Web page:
Do you operate a high level of risk management or self-deception? (1)

Why this article?

Now, for a change, a topic in which satirical exaggeration is not so easy for me.

What might be the reason? Maybe the topic is simply too close to my heart, too important to me. Also, I have not yet completely penetrated it myself, thought it through to the end, internalized it. At least that’s what my gut tells me.

I already question the title again. Shouldn’t it actually be “I” instead of “you” (or at least “we”)? But it’s OK. After all, I already have a certain advantage, because I have already dealt with it. That’s enough of doubt. What is it about? It’s about risk management.

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The Profit Center – a “doll in a doll”? (Part 2)

(Here the link to part 1: https://harlekin.blog/en/the-profit-center-a-doll-in-a-doll-part-1#more-2071.)

I cannot list all the problems that can arise with the introduction of a profit center organization, but for the interested reader here is an example of the hidden pitfalls of this system. The whole thing packed into one simple question:

Is a profit center manager, who, due to the “considerable” internal transfer price for the use of a meeting room of the “internal facility management”, capitalizes on a cheaper external room…

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The Profit Center – a “doll in a doll”? (Part 1)

Many readers will have worked or are still working in a profit center. It is possible that some of them have not been introduced to any other form of organization and therefore could not see any difference for “their work” at all. For this article I originally wanted to comment on a few personal experiences as ironic anecdotes. But since only few people know the phenomenon of profit centers (short PCs) from the perspective of management or finance, I decided to report a little more about the background and history of the PC.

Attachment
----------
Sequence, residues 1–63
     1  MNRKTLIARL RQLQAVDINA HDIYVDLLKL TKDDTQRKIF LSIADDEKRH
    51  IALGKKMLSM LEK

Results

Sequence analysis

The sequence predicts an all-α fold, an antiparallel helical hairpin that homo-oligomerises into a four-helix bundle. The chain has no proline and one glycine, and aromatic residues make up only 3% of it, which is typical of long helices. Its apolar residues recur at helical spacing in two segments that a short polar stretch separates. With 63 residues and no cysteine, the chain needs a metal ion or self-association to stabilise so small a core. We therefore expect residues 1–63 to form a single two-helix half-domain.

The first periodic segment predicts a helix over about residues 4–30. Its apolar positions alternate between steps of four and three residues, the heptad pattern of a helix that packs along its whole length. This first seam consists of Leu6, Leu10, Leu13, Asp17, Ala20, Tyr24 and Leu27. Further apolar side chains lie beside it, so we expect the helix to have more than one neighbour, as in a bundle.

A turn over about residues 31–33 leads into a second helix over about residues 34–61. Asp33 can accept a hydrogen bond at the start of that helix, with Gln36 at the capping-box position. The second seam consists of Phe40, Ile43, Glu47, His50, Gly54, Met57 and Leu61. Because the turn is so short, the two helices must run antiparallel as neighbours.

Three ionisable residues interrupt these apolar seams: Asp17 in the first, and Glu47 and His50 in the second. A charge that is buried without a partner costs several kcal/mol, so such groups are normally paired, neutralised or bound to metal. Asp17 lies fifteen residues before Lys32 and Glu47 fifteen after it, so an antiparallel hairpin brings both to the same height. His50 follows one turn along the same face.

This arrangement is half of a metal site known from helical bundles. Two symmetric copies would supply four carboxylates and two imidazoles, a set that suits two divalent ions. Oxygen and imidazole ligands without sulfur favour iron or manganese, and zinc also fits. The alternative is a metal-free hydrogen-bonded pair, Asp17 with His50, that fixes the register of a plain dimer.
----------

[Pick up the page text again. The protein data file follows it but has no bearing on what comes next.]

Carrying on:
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How the office came by a room full of champagne

This contribution is a joint production by the harlequins RGE and BCO.

RGE: We enjoyed celebrating at our office. Good deals, for example, or new customers. With bubbly.

Sometimes business even went much better than expected. From the management’s point of view, this was not very fortunate because our units were organised as profit centres. The general demand for business growth was about 5% per year. If it was actually higher, it automatically increased expectations the following year.

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Digital Nomades – The herd moves on